Charismatic Shawnee brothers lead Indian resistance to American expansion in early years of the republic
In the early 1900s, an Indiana plowman unearthed two flint points predating Whites’ arrival in the region. The arrowheads bespoke an eons-old tradition of subsistence hunting as well as the bloody wars native nations fought to stop Americans from flooding the fertile Northwest Territory.
In Tecumseh and the Prophet: The Shawnee Brothers Who Defied a Nation, award-winning historian Peter Cozzens admirably brings this lost world to life. His canvas is the story of two Shawnee brothers who knit rival tribes into a political and spiritual alliance meant to defend Indian land in what became the states of Ohio, Indiana, Illinois, Michigan, and Wisconsin.
Tecumseh was born in 1768, the year British officials and the powerful Iroquois nation signed the Treaty of Fort Stanwix, which was intended to keep Whites east of the Appalachian Mountains. It was a sham—the Iroquois had no right to sign away other tribes’ land and the British did nothing to stop Whites from crossing the Ohio River boundary. In 1774, when Tecumseh was six, his father died in what become known as Lord Dunmore’s War.
Tecumseh was recognized early as a natural leader and joined raiding parties, learning English from White captives. In their village, now Chillicothe, Ohio, Tecumseh’s younger brother, Laloeshiga, stood out as a braggart nicknamed Lalawethika, or “Loudmouth.”
The brothers’ youth was marked by the violence that persisted after the Revolutionary War ended in the East. In the 1783 Treaty of Paris, the British sold out the Ohio Indians who had sided with them, surrendering to the victors “sovereignty” over tribal territory. Disavowing the treaty but seeing the British as the lesser evil, tribal leaders accepted arms and aid from King George III’s generals in Canada.
In 1786, the recalcitrant chiefs created a pan-Indian confederacy aimed at expelling Americans from their lands. The confederacy’s greatest success came in 1791, when U.S. soldiers under hapless General Arthur St. Clair tried to “liberate” the Ohio Territory. Tecumseh, 23, missed the victory over St. Clair’s at the Battle of the Wabash but Lalawethika, 17, probably participated.
The American defeat did nothing to lessen pressure on the frontier. In 1793, a better-prepared army under General Anthony Wayne marched on northwestern Ohio. Canadian Governor General Guy Carleton had promised the chiefs Britain would support the Indians in war. Near Fort Miamis, a British stockade, disciplined American regulars surprised Tecumseh’s warriors, chasing them to the British fort, where redcoats slammed the gates in their supposed allies’ faces. The Northwest Confederacy evaporated the next summer when 99 chiefs signed the Greenville Treaty, giving almost all Indian lands in Ohio.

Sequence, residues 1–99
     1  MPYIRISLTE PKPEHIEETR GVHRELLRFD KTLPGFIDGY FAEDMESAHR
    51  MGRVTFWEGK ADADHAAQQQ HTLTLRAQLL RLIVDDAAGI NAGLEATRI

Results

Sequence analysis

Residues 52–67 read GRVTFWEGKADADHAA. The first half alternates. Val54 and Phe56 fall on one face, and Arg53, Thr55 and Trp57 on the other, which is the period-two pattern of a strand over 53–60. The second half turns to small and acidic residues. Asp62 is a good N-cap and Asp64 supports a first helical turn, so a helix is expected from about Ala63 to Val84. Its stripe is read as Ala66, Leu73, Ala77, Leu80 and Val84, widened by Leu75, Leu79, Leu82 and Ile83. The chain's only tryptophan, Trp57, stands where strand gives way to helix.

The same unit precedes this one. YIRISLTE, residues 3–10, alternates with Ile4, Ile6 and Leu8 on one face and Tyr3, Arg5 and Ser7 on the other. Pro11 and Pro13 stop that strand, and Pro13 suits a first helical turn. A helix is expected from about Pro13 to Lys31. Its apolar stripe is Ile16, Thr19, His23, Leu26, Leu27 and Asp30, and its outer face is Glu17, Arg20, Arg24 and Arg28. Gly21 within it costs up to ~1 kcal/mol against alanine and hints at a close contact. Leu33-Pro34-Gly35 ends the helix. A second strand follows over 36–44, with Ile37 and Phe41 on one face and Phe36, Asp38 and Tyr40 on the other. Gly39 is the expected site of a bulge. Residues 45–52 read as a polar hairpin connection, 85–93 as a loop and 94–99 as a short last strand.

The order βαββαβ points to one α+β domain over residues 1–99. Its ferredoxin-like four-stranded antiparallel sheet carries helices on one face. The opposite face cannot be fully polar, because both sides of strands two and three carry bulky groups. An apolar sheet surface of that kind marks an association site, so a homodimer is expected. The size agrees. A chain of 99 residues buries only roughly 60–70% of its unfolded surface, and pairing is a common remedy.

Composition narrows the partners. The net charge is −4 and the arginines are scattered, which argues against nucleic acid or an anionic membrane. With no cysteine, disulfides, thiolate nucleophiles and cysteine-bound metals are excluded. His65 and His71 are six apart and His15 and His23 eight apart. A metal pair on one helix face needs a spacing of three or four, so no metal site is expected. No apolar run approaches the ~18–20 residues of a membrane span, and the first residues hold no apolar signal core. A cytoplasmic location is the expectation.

Cozzens explains how, as Tecumseh was solidifying his reputation as a chief, Shawnee mores, especially regarding seers and visionaries, were fueling Lalawethika’s rise. Proclaiming that he had communicated with the Great Spirit, he took the name Tenskwatawa, or “The Open Door”—a reference to closeness to the deity. He called on followers to return to traditional ways and shun Americans. He demanded acolytes swear off whiskey. The prophet’s brother began preaching this message of self-empowerment to other tribes.
Most of Cozzens’ 17 books explore facets of the Civil War, but Tecumseh and the Gilder Lehrman Prize-winning The Earth Is Weeping (2016) establish him as a leading chronicler of American Indians’ painful history.
By citing contemporaneous accounts of Tecumseh’s life, including letters and official documents, the author shows how many White Americans came to admire the Shawnee leader such that, for example, an Ohio lawyer, Charles Robert Sherman, gave his newborn son William the middle name Tecumseh.
Cozzens also explicates how White hunger for land, inextricably coupled with animosity toward natives, drove federal frontier policy from the republic’s beginnings. Tecumseh’s perfervid American enemy, William Henry Harrison, invoked the Shawnee brothers by name to bring President Madison to declare war on Britain in 1812. Harrison won the presidency in 1840 on the popularity of the campaign song “Tippecanoe and Tyler Too,” which trades on Harrison’s history as an Indian fighter.
Cozzens’s descriptions of Tenskwatawa’s spiritual agenda, centered on Indian independence and rejection of White culture, will remind readers that tribal leaders from Osceola to Sitting Bull attempted to preserve native culture with the weapons of war. The tragedy of their failure haunts America today. —The arrowheads shown, likely made by the Miami tribe, came to American History senior editor Nancy Tappan as family heirlooms.
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